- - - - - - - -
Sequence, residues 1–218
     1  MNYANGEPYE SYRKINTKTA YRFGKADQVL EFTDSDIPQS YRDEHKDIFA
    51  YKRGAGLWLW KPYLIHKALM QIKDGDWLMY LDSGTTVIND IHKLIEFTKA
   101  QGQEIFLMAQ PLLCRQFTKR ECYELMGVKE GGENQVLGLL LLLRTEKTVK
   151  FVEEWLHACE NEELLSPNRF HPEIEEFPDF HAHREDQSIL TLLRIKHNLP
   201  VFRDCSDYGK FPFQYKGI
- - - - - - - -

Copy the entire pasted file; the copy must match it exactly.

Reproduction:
Sequence, residues 1–218
     1  MNYANGEPYE SYRKINTKTA YRFGKADQVL EFTDSDIPQS YRDEHKDIFA
    51  YKRGAGLWLW KPYLIHKALM QIKDGDWLMY LDSGTTVIND IHKLIEFTKA
   101  QGQEIFLMAQ PLLCRQFTKR ECYELMGVKE GGENQVLGLL LLLRTEKTVK
   151  FVEEWLHACE NEELLSPNRF HPEIEEFPDF HAHREDQSIL TLLRIKHNLP
   201  VFRDCSDYGK FPFQYKGI